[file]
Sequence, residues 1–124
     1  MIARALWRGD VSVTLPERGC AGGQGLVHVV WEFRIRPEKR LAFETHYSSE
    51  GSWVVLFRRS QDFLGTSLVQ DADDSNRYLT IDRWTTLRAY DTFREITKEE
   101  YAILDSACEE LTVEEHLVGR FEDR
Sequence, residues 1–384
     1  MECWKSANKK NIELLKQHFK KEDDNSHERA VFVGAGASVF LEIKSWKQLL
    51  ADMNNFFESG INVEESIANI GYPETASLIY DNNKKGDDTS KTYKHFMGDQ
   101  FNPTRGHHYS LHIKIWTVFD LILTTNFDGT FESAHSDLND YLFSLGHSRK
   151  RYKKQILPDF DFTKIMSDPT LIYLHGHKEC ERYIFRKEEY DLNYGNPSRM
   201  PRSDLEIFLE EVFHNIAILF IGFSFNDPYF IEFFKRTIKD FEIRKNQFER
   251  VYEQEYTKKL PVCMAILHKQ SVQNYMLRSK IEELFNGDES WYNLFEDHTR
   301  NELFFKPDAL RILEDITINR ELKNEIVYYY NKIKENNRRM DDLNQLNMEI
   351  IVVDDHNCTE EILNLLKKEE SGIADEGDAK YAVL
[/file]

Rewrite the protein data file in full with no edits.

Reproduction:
Sequence, residues 1–124
     1  MIARALWRGD VSVTLPERGC AGGQGLVHVV WEFRIRPEKR LAFETHYSSE
    51  GSWVVLFRRS QDFLGTSLVQ DADDSNRYLT IDRWTTLRAY DTFREITKEE
   101  YAILDSACEE LTVEEHLVGR FEDR
Sequence, residues 1–384
     1  MECWKSANKK NIELLKQHFK KEDDNSHERA VFVGAGASVF LEIKSWKQLL
    51  ADMNNFFESG INVEESIANI GYPETASLIY DNNKKGDDTS KTYKHFMGDQ
   101  FNPTRGHHYS LHIKIWTVFD LILTTNFDGT FESAHSDLND YLFSLGHSRK
   151  RYKKQILPDF DFTKIMSDPT LIYLHGHKEC ERYIFRKEEY DLNYGNPSRM
   201  PRSDLEIFLE EVFHNIAILF IGFSFNDPYF IEFFKRTIKD FEIRKNQFER
   251  VYEQEYTKKL PVCMAILHKQ SVQNYMLRSK IEELFNGDES WYNLFEDHTR
   301  NELFFKPDAL RILEDITINR ELKNEIVYYY NKIKENNRRM DDLNQLNMEI
   351  IVVDDHNCTE EILNLLKKEE SGIADEGDAK YAVL